4 Dec, 10:19
Grand Slam winners Fiona Coghlan and Nora Stapelton have returned the Women's RBS 6 Nations trophy to Chief Executive John Feehan at the Six Nations offices in Dublin.
- ON HIS TEAM'S PERFORMANCE AGAINST JAPAN -
"We went up and down a bit in that game. We started off well but having got a couple of scores on the board, I thought we started to play across the field a bit and lost our directness.
"We tried to force scores, I think, when they weren't really on. We played into the hands of the Japanese a fair bit. We talked about it at half-time and to be fair, with some of our replacements coming off the back of the lineout and so on, the likes of Jason Harris-Wright, we got a bit of directness back into our game.
"It was a very stop-start second half. The Japanese nearly had more of the ball than we had. Their pace and directness troubled us at times. I'm just pleased to have got some points on the board - delighted for the boys.
"They've had a troublesome three days since our last game (against South Africa) and I'm delighted they've been able to post a result and we're looking forward to the next game."
- ON THIS YEAR'S TOURNAMENT COMPARED TO 2006 -
"It's been very different. The ranking of fifth last year came about from playing some of the home nations. Indeed, home nations who had beaten us heavily before the tournament.
"But I think the significant difference this time is that we were pitched with two Southern Hemisphere teams in the pool matches. And a Scottish team that we've already found out, and no doubt we will again now, that are a decent side - we beat them narrowly - and they could well have been up in the top four or middle four section.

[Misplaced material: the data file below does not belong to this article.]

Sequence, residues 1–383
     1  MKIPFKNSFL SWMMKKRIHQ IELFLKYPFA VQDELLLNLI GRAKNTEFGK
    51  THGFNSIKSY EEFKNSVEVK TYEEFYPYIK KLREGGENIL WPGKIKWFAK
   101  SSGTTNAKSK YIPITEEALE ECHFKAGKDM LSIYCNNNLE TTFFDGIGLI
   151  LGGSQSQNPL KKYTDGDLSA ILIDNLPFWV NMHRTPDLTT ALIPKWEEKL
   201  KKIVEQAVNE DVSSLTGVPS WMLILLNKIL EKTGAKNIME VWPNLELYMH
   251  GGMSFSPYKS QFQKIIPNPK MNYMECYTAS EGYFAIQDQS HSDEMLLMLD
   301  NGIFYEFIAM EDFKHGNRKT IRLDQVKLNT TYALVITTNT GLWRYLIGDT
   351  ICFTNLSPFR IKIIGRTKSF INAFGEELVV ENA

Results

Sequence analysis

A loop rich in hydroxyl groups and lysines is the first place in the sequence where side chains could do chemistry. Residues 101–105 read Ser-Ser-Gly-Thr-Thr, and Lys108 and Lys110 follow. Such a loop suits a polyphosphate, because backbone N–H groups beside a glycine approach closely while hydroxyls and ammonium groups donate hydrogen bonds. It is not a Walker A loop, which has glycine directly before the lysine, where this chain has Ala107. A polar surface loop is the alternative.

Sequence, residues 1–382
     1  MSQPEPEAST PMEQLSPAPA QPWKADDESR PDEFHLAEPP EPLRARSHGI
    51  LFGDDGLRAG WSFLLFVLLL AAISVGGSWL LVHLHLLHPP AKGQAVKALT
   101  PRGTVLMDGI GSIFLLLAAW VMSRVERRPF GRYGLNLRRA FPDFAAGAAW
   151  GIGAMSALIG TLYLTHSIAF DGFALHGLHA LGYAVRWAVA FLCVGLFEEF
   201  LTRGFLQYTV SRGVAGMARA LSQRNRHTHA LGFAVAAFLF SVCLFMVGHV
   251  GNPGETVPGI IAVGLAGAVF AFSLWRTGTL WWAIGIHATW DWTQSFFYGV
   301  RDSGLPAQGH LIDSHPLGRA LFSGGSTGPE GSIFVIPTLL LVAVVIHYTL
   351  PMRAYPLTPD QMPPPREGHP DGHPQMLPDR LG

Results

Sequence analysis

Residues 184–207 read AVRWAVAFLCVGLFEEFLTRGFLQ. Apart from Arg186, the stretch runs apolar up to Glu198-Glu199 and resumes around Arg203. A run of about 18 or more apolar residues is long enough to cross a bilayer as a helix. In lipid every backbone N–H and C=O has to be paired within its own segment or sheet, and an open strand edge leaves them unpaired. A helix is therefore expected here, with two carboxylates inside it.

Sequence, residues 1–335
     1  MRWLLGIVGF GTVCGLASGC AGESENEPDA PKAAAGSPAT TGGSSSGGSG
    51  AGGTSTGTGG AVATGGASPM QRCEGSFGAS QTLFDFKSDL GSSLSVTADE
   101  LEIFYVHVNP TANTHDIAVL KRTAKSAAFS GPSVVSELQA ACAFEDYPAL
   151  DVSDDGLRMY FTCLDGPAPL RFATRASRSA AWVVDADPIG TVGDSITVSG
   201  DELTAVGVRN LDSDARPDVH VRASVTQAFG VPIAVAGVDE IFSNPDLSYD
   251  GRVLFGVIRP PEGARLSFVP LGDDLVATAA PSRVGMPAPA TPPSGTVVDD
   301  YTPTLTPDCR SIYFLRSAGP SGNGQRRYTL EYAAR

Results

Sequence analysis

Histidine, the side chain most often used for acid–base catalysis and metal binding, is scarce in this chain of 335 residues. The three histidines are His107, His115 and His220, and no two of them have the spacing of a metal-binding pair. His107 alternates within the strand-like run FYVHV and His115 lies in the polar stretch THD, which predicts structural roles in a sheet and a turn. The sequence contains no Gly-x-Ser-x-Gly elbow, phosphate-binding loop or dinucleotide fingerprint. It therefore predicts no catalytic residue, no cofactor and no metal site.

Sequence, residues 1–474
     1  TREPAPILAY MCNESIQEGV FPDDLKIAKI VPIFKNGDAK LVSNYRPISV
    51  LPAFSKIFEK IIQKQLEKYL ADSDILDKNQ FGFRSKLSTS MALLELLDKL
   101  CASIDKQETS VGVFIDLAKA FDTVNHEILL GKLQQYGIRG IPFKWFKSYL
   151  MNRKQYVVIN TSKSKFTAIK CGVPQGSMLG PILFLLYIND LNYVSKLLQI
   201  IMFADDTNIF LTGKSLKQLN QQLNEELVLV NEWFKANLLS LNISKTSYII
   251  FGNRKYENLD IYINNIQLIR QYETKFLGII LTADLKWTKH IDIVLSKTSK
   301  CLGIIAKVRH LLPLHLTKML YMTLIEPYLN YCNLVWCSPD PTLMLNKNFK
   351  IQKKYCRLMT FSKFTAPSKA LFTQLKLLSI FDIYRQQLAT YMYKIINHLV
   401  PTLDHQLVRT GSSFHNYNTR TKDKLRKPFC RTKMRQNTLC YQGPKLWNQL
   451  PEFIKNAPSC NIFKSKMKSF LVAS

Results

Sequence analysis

"The draw was particularly difficult, but I remain very pleased with what the boys have done. We got twenty minutes tonight when we played sideways and wanted to enjoy ourselves too much. We got a bit of directness into it after half-time - consolidated it.
"It was very important that we won this game and got an opportunity to play for ninth against Scotland on Saturday."
- ON THE SECOND HALF DISPLAY -
"Going into half-time, I had two approaches to take - congratulate the boys on what they'd done and ask them to push on or give them a rollicking and say it was time to play a wee bit direct here. I chose the latter.
"I'm still pleased they responded to that because I just thought we were playing into the Japanese hands for the last ten or fifteen minutes of the first half. They were just one score away from putting pressure back on us at that stage. I think we consolidated the game.
"I realised their danger in the three-quarters. They were very, very quick in the wide channels and were quite unfortunate not to put a try on us at the end.
"We were always conscious that they could come back into it, and that's the perilous nature of this competition."
IRELAND CENTRE JAMIE SMITH:
- ON THE PLAYING UNDER PRESSURE -
"There was a bit of pressure on us after the defeat (to South Africa). I suppose we were playing for ninth and tenth when we could have been playing Australia tonight in the semi-finals.
"There's more fans watching and I suppose there's a bit more pressure because of the crowd.
"But we've just got to go out the next day and give it our all for ninth place. That's where we are at the moment."
- ON THE NEXT GAME AGAINST SCOTLAND -
"I'm expecting Scotland to come out as hard as they did in the last game. We'll just have to match them and play better and make sure we get ninth place."